I’m Bringing the Handkerchief Back


If I had the privilege of designing our nation’s public education system, it would not only include working a minimum of two weeks in the hospitality industry (as many others have noted is essential to developing empathy and appreciation for the services most of pay for on the daily), but it would also include working at any number of waste management sites. This is not punishment. This is Connection and a healthy dose of reality and everything else important to creating conscious, empowered individuals.

I made a youtube video years ago about the quirky routines I had at my house that minimized several sources of waste, things that made many viewers uncomfortable. Some of these things my housemate didn’t know until I disclosed them on that video and she began to nervously wonder what other filth she was living in unbeknownst. I didn’t buy Kleenexes or “facial tissue” as the unbranded item is so awkwardly named. I felt like the stuff was just glorified overcharged toilet paper. So I just used toilet paper… single ply Scott or some post-consumer material brand. But I am so not about that single-use-K-Cups-killing-all-the-sea-otters life. After I blew my nose, I would stash the used tissue in a small compartment, without a lid, so that the tissue would dry out and I would use it as actual toilet paper when using the toilet.

To be fair, I was not schnauzing out flubber substances. 99% of the stuff was clear, and in very tiny quantities. For the record, it is weird writing a summation of your yearly average nasal mucus production as I am doing right now… I imagine all weak souls have sloughed off from this post and unsubscribed… but I don’t really have any subscribers so I’ve got nothing to lose here.

I think I’ve saved an ancient tree in the Amazon through these efforts over the course of my adulthood. That would be another interesting thing to see first person- how much paper a particular tree will produce. Send the kids (after their visit to the sewage treatment plant, of course) to a canopy cloud forest in Costa Rica, and THEN send them to the Amazon to see that ancient tree I saved standing exposed in a highly deforested region used for GMO Soy crops and cattle production.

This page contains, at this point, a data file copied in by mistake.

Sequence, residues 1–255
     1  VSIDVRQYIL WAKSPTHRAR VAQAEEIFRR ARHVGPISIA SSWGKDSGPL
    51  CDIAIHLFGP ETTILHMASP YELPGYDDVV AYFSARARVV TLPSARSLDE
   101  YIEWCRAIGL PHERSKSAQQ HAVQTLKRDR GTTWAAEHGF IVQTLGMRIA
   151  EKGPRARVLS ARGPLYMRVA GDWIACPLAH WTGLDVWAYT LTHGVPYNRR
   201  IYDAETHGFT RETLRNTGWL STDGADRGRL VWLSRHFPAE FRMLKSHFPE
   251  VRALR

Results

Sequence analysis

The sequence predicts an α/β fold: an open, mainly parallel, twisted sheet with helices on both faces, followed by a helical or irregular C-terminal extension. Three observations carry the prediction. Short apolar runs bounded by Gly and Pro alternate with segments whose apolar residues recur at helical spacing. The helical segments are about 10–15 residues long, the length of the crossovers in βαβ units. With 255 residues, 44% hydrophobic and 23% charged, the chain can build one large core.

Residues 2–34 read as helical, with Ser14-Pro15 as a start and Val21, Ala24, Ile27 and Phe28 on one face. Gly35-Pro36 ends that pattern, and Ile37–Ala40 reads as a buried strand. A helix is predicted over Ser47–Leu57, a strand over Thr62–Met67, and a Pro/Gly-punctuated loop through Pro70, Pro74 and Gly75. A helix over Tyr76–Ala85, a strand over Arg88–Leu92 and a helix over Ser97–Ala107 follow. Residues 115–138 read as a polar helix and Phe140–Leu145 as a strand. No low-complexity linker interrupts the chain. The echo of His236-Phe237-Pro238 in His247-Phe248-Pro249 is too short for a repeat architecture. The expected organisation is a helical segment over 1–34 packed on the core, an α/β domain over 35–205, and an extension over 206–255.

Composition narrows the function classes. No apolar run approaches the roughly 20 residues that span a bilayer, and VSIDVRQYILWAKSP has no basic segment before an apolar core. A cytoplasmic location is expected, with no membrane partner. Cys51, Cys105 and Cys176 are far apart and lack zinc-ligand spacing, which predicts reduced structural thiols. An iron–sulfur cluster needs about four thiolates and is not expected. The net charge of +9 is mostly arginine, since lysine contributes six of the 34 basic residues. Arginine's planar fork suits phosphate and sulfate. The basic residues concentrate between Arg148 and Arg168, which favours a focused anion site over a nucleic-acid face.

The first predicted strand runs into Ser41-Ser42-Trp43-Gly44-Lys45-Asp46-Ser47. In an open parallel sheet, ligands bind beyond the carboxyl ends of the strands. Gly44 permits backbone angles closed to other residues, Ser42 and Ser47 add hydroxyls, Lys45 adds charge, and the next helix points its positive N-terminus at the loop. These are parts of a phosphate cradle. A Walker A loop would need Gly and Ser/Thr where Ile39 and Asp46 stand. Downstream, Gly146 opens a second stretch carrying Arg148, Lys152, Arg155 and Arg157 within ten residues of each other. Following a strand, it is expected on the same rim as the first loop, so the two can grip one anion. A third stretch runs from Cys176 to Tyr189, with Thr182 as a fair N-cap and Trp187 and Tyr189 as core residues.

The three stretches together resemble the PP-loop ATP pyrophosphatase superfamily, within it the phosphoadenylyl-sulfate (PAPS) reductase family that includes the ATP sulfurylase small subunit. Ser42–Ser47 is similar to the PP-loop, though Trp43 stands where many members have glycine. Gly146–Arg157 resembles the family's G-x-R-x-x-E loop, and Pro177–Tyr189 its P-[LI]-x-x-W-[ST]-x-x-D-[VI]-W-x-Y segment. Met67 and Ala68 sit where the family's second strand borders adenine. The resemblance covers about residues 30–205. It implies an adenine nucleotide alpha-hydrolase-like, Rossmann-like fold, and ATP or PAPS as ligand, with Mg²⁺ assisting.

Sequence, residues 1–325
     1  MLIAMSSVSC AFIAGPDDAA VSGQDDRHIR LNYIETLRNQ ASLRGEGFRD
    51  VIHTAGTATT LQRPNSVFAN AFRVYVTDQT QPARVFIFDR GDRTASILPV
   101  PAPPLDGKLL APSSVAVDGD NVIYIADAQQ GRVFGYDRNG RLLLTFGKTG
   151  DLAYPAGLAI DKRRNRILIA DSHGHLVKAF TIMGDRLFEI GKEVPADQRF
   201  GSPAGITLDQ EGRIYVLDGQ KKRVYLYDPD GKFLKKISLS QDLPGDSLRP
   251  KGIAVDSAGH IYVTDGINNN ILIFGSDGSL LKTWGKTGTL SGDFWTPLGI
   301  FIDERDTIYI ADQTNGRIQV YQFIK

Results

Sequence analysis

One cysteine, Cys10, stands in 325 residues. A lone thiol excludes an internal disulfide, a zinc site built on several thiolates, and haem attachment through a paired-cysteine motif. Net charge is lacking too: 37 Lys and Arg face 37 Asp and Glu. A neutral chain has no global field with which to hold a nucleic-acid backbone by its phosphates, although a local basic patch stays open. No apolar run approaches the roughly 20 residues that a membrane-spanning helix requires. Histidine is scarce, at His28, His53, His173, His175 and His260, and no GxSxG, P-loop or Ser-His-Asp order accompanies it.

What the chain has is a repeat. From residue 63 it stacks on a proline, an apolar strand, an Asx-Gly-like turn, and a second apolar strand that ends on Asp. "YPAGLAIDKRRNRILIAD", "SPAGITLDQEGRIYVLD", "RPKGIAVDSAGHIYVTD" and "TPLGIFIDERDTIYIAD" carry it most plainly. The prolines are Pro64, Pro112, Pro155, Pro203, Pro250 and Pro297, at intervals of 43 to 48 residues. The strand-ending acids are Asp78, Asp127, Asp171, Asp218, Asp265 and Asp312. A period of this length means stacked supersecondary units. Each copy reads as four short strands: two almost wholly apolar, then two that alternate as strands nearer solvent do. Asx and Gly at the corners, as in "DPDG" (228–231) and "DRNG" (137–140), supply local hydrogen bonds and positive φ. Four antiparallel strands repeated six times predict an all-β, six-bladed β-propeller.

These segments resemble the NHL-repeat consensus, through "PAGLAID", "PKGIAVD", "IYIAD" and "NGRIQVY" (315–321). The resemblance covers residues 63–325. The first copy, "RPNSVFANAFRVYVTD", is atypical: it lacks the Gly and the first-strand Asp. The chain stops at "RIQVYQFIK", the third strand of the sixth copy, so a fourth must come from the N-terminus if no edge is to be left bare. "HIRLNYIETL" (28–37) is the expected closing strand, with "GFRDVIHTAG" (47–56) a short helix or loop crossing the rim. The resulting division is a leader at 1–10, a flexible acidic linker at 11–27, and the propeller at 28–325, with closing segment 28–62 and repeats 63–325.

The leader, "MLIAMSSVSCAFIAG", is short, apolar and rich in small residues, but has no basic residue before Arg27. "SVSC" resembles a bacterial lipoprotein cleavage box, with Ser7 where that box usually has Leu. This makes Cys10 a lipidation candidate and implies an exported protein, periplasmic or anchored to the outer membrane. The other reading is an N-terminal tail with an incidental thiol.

Let me tell you, there is something that drives home when you have to stand in the mass amounts of shit of all the stuff we use. You could have to work in a mile-wide stockyard in west texas, or you could haul the crap of you and your immediate companions from a Humanure Toilet system from the outhouse to the Hugelkulture swail. Personally I think only one of those will drive you crazy and make you sick. I’ve hauled a fair amount of crap in my life, and I know I’m saner for it.

Poop could easily overtake this whole blog post; while largely related to the broader topic at hand, I will try to remain focused on the stuffier aspects of waste.


Reusing my tissues was reducing/slowing my overall consumption of paper products, but

I remembered that people use to not use paper to discard of their bodily waste for the majority of our specie’s history.

Think about it. What the heck, right? I know at least 60% of you just thought of certain cultures that do the “wipe with the left hand, shake and eat with the right” custom… at this point I realize I’ve successfully culled another percentage of the still weak-souled readers.

Sure we can argue that our overall hygienic practices are keeping us healthier, but it’s like we threw out every other option of maintaining our bodily functions and kitchen messes or whatever other forms of reoccurring mundane maintenance.

I for one have reincorporated using handkerchiefs: I did the thrifty thing of inheriting about ten super fun bandanas from my granny after she finally had to stop backpacking at age 84. (Let me just pile on more things that we can aspire towards before the end of this blog). This way I have a useful purpose for a sentimental item that I’d like to keep around.

I also used old t-shirts that I didn’t really like wearing or that were already worn out or ripped up. You can cut these up into smaller rags for cleaning, as handkerchiefs, or workout towels when you go to the gym. Or you can use that sweet imagination of yours and enlighten me as to your reuse of t-shirts and tissue alternatives!

When I lived in Argentina, I stayed with at least 30 different hosts while I was traveling around. I don’t think a single one of those people bought trash bags, and many didn’t even have trash cans. They reused their produce bags from the markets (which are tiny in comparison to our typical trash bins), and very few residents were ever purchasing paper towels. We just washed regular towels when they got too dirty after cleaning. Duh.